Dedham’s Special Town Meeting, called to rescind a vote to create a Senior Center Site Committee, voted Monday to uphold it after two hours of sometimes heated debate.
Monday’s vote was 119 to 95 to keep the Senior Center Site Committee in place, a wider margin than the November vote of 108 to 103 that established the committee in the first place.
On a separate measure, a one-year moratorium on medical marijuana dispensaries was approved on a voice vote.
Carmen Dello Iacono, chairman of the site committee as well as the Board of Selectmen, said the committee had just begun to get into the meat of the issue, and would complete its work by the 2014 deadline set in November.
“It’s a mixed group, but I believe that we’re starting to gel,” Dello Iacono said following the vote.
The site committee was created in response to a senior center proposal at the Endicott Estate that advocates believed could be funded entirely with private money. Monday’s article to rescind November’s vote further included language that directed selectmen to build the senior center on the Endicott Estate.
Leanne Jasset, chairwoman of the Council on Aging and advocate for a proposal to build a senior center on the Endicott Estate, said she was disappointed with the vote.
“It’s a sad day for Dedham seniors,” Jasset said after the meeting. “Everyone knows that the best place and perfect place is at the Endicott Estate. It’s unfortunate those members of the Town Meeting body didn’t see that as well.”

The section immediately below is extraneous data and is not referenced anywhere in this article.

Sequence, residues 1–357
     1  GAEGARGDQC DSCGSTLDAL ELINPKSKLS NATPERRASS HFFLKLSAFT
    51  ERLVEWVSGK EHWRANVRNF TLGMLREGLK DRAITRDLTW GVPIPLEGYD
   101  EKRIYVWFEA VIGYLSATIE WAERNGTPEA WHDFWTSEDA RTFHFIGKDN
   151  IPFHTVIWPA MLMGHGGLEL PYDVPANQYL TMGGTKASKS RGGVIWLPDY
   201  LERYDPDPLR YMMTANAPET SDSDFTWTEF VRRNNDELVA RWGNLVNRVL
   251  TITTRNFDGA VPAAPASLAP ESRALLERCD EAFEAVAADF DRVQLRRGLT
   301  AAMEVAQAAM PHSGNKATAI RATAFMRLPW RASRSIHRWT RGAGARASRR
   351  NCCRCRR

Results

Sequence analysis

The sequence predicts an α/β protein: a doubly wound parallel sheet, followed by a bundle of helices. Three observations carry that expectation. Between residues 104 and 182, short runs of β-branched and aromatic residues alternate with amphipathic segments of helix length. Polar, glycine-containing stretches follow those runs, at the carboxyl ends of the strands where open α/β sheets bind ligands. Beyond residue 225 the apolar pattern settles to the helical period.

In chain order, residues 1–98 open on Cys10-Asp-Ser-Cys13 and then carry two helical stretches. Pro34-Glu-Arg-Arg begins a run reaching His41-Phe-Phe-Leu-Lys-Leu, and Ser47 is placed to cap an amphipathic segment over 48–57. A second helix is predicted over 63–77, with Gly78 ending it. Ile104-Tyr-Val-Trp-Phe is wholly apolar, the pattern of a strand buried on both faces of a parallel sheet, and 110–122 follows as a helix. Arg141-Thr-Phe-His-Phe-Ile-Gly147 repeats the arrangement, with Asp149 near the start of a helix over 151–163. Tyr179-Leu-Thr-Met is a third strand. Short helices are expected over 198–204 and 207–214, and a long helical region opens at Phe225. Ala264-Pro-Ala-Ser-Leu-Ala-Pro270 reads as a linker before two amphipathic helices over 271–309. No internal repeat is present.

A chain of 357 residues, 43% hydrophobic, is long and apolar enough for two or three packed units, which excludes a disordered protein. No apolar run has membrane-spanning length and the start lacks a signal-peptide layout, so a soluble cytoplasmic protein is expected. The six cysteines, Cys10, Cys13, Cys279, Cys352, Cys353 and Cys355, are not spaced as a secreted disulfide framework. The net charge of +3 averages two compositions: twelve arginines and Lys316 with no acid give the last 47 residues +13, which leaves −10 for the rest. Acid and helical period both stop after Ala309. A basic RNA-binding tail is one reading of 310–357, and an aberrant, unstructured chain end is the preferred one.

At Monday's meeting, town’s lawyer, Joyce Frank, said at that the instruction to build the center at the Endicott Estate would not be binding under Massachusetts law. But he said it would be politically significant in that it would express the will of the town.
Residents spoke about the issue for two hours Monday, often rehashing arguments that had been made at November’s meeting.
Precinct 4 member Ann Mercer questioned why a previous Town Meeting vote should be overturned and why the town needed to go through the expense of a Special Town Meeting.
The meeting was called at the behest of more than 200 registered voters, who petitioned for the article regarding the senior center committee.
Linda McKee, a Precinct 3 member, said the country was based on democratic rule and that calling a meeting to call a vote into question was the rights of citizens of the United States.
Tensions ran high, and Moderator Daniel Driscoll had to restore order multiple times. Driscoll once shouted down boos and hisses during a speech by Precinct 4 member Susan Fay. Fay, who lives across from the Endicott Estate, asked members to imagine that a new hockey rink was being built in a park near them, comparing this situation to the Endicott Estate senior center plan.
Dedham senior Annette Eddy, who is not a Town Meeting member, said she was upset about the vote and did not think the town would see a senior center in the next 10 years. In the meantime, she has organized a ladies senior social club at the Endicott Estate mansion. The first meeting will be on April 23.
Many encouraged Jasset, a vocal advocate for the senior center at Endicott, to run for selectmen. She said she was happy in her position as chairwoman of the Board of Health.
Amid the controversy, the Senior Center Site Committee has determined that the best size for a center in Dedham will be 16,000 square feet. The proposal at the Endicott Estate was 8,600 square feet.
Dello Iacono said a majority of the committee supported that figure. Following the meeting, Jasset said she thought that number was agreed upon to exclude the Endicott plan.